The future of “wearables” in the warehouse

From learning exoskeletons to thought-controlled drones

“Wearables” – small, internet-connected computers that are worn directly on the body – simplify everyday activities and leave users free to work with their hands. Devices such as ring scanners, smart gloves and augmented reality glasses are finding increasing use in the area of storage logistics. But did you know that wearables can learn from their wearers, move objects with the power of thought and also help stop the spread of COVID-19?

From simple fitness trackers to intelligent exoskeletons – practically everyone has come into (body) contact with a “wearable” by now. Wearable smart devices and the internet of things have become a fixed part of everyday life, and these smart devices are also being used more intensively in storage logistics. The US logistics association MHI estimates that by 2023 about 70% of all warehouse facilities will be equipped with wearables in one form or another.

Devices such as scanner rings, smart gloves and augmented reality glasses help minimize manual labor and enable more ergonomic processes. Scanned data is sent directly to the cloud. Or the scanners can be connected to smartphones by Bluetooth, for example to inform employees that they have picked the wrong item or quantity. This prevents errors and streamlines processes.

 

Avoiding risks with real-time feedback

Wearables can also collect extensive data not only for measuring work performance by also to increase safety in the warehouse. For example, the New York-based company KINETIC has launched a wearable technology called KINETIC Reflex. This device can be worn on a belt or waistband and is intended to prevent workplace injuries by automatically detecting body postures and movements with elevated risk and providing real-time feedback.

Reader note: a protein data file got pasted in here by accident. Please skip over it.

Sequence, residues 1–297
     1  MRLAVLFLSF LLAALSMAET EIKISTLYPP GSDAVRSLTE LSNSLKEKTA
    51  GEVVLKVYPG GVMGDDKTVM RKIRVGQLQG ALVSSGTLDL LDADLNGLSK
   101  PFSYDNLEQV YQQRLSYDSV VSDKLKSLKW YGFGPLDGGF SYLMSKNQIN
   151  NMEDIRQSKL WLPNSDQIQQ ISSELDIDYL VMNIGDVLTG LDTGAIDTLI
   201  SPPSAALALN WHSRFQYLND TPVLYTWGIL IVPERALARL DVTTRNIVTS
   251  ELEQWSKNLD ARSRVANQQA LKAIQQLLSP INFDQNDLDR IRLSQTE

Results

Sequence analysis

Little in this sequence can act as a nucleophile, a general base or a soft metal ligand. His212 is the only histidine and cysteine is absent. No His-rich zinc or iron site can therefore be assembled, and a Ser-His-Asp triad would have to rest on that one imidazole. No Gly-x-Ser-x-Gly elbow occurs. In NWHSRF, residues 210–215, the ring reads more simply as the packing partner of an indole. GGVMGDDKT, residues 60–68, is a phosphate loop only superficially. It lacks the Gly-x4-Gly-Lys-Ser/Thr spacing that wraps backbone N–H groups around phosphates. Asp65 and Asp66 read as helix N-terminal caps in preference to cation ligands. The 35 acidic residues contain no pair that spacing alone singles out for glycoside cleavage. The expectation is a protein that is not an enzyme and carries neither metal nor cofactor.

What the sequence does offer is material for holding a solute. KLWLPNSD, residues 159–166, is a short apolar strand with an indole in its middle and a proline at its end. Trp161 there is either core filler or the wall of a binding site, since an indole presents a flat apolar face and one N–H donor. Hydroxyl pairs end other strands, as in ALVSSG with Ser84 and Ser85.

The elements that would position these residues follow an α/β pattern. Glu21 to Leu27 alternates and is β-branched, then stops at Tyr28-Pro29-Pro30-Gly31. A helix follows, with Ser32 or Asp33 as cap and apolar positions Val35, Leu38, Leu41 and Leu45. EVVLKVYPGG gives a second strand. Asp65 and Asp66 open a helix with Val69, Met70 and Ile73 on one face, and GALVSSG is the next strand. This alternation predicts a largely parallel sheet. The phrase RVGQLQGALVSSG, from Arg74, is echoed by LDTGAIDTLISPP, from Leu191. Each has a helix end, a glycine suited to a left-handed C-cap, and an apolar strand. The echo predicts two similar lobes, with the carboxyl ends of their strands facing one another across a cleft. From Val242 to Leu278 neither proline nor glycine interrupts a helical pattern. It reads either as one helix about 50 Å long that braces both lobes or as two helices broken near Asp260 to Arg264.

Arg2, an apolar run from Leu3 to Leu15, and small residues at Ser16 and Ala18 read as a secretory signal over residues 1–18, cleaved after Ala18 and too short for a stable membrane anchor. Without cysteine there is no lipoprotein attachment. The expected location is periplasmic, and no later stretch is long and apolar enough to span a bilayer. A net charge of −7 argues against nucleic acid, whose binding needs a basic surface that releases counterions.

In consideration of COVID-19, KINETIC has extended this technology to simplify social distancing and enable more precise contact tracing. The KINETIC REFLEX now sends automatic warnings in the form of a light vibration when two employees do not comply with the safe distance. ProGlove, a German maker of Smart Gloves for industrial use, has also presented a similar new app function that measures the distance between two employees via the Bluetooth function of their smartphones, helping them maintain the appropriate minimum distance. Many other manufacturers of wearables and smartphone apps have followed the example of KINETIC and ProGlove in recent months.

 

Devices with “emotional intelligence”